For many years attempts to understand human behavior oscillated between two emphases: on the one hand, explanations laid emphasis on innate, genetically programmed conditions, which supplied (at the very least) the ground rules of behavior; on the other hand, the emphasis was laid on the acquisition of behaviors through experience and learning. The swings of the pendulum were summarized in such phrases as the nature-nurture debate.
More recently, it has come to be realized that what constructs and constrains human behavior is not the one or the other, or some vague combination of the two, but a complex and dynamic interaction between genes and what may loosely be summarized as culture. What have to be understood are the nature and the mechanisms of that interaction in terms which do justice not only to straight-forward considerations of biogenetics and evolution but also to the extreme varieties of human behavior. To do this and to turn it into quantifiable and predictive science is no easy task.
The human brain has evolved to its great size while retaining the anatomical and chemical features of three basic formations that reflect an ancestral relationship to reptiles, early mammals, and late mammals. Such considerations must be taken into account in the origin and expression of individual and collective violence, which operationally depend on power and the orchestrated use of power. Aristotle and Friedrich Nietzsche have respectively provided paradigms of a great-souled man and a superman—both basically ruthless. In neurobehavioral investigations of the triune brain, one finds the basis for the hierarchical development of ruthless power, merciful power, and transcendental power.
Paul D. MacLean, M.D., is chief of the Laboratory of Brain Evolution and Behavior, National Institute of Mental Health, Post Office Box 289, Poolesville, Maryland 20837.
Anthropological Perspectives on Violence: Universals and Particulars by Paul Heelas
The problem addressed is how to establish the nature (grounds and consequences) of culturally formulated aggressive displays, for example, Balinese cockfights. Psychological and other research suggests that aggression can be under the control of nature, culture, or both. After surveying the evidence supporting both endogenous, in particular cathartic, and exogenous processes, the paper explores what is involved in establishing which process is operative in particular ethnographic cases. Special attention is paid to institutions which show coadaptation between biological and culture-dependent processes and regulations.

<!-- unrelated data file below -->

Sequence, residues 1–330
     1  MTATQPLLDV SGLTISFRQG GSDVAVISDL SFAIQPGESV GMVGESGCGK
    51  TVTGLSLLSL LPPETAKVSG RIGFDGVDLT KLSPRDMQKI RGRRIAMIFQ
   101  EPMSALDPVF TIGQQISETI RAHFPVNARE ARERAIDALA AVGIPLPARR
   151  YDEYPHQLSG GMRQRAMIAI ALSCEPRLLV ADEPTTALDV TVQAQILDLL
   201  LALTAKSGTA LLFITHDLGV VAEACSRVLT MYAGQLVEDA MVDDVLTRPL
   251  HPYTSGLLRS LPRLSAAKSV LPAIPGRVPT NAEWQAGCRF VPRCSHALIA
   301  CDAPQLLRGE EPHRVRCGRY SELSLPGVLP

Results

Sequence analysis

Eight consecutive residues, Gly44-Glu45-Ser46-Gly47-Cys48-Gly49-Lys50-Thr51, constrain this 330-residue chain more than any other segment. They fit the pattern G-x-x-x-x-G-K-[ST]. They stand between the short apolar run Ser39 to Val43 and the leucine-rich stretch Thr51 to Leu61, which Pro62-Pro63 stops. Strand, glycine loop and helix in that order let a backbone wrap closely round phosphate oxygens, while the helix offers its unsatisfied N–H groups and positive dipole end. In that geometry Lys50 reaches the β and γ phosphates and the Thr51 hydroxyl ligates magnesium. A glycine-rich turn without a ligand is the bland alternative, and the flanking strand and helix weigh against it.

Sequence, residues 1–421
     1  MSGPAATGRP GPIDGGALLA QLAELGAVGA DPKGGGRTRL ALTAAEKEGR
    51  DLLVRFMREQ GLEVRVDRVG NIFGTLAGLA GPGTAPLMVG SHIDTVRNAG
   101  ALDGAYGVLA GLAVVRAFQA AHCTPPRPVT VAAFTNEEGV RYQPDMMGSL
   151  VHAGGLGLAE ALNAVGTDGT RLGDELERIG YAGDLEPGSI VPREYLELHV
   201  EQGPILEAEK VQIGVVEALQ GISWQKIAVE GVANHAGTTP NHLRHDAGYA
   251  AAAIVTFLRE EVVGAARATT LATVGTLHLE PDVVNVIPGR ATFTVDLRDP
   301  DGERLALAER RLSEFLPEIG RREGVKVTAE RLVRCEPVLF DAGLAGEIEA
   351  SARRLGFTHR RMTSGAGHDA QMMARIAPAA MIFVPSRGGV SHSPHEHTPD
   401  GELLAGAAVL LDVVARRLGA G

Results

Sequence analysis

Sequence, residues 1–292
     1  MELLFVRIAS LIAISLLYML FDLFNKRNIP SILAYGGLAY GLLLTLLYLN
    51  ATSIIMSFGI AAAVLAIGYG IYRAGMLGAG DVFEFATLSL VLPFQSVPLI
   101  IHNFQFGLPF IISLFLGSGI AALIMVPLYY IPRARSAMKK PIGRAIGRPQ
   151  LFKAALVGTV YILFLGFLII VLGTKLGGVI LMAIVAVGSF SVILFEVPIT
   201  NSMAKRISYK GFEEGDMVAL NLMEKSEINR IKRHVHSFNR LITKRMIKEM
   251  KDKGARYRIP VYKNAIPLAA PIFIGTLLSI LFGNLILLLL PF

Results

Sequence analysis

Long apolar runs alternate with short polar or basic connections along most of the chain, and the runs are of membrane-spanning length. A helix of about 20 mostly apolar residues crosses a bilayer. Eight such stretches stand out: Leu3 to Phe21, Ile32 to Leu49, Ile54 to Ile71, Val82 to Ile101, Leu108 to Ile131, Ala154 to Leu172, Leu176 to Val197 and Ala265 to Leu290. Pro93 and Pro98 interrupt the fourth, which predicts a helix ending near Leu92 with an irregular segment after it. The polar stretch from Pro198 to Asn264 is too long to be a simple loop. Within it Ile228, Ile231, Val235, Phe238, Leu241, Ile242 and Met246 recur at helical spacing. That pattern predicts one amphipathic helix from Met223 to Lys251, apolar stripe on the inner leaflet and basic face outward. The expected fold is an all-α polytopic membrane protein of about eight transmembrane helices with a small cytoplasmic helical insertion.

Paul Heelas is lecturer in social anthropology, department of religious studies, University of Lancaster, Lancaster LA1 4YG, England.
The balance of obedience/aggressiveness is necessarily skewed to the left in infancy; maturation shifts it to the right. Hierarchies greatly reduce overt violence. Positional shifts in a hierarchy take place through violence or the threat of violence. Self-serving individuals tend to upset hierarchical balance. Peace is served by the acceptance of a sovereign power (like the nation), which gives justice precedence over fairness. Justice as fairness is a pernicious doctrine. Religion has in the past favored secular sovereignty for the sake of peace; hence the protection of religions by sovereign powers.
Garrett Hardin is professor emeritus of human ecology at the University of California, Santa Barbara. His address is 399 Arboleda Road, Santa Barbara, California 93110.
Consequences of Social Living, Language, and Culture for Conflict and its Management by Ward H. Goodenough
Human language leads to an open-ended proliferation of human goals and purposes, which make for complex social relationships combining competition and dependence. The resulting ambivalence in social relationships makes the management of frustration and its attendant emotions a central concern of human socialization. The specific loading of emotional problems varies according to how societies are organized, but problems are inevitable. As relations of power and dependence become more complex, human efforts to manage these problems are liable to increasingly explosive and destructive expressions, apparently an inevitable consequence of social and sapient existence.
Ward H. Goodenough is university professor of anthropology, University of Pennsylvania, University Museum, 33rd and Spruce Streets F1, Philadelphia, 19104.